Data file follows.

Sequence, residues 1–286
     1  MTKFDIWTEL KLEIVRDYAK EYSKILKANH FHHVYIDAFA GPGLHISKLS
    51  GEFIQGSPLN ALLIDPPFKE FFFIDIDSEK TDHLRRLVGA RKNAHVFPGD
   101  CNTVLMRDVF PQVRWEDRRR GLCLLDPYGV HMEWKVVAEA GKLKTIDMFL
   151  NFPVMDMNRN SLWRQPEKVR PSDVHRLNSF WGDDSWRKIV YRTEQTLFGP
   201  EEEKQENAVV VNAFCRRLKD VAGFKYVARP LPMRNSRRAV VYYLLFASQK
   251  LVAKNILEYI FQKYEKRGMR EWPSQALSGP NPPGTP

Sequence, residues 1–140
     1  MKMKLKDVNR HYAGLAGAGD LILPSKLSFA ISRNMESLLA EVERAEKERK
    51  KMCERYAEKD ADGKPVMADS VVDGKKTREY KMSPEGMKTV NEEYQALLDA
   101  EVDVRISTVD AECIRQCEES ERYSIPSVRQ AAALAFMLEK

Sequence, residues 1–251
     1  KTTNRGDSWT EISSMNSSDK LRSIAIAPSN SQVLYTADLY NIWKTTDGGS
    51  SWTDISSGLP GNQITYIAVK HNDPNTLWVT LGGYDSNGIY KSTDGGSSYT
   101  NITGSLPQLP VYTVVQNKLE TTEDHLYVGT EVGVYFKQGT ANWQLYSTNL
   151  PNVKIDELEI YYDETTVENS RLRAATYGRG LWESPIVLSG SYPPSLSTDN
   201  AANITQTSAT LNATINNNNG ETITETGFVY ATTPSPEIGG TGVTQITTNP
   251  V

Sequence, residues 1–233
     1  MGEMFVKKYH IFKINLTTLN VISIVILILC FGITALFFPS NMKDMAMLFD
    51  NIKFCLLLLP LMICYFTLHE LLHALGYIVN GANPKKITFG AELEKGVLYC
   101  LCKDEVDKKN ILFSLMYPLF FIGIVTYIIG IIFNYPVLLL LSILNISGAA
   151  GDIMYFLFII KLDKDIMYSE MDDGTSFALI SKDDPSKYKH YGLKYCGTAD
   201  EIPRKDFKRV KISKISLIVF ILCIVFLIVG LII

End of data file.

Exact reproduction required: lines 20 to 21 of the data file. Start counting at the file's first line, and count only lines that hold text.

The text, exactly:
     1  MGEMFVKKYH IFKINLTTLN VISIVILILC FGITALFFPS NMKDMAMLFD
    51  NIKFCLLLLP LMICYFTLHE LLHALGYIVN GANPKKITFG AELEKGVLYC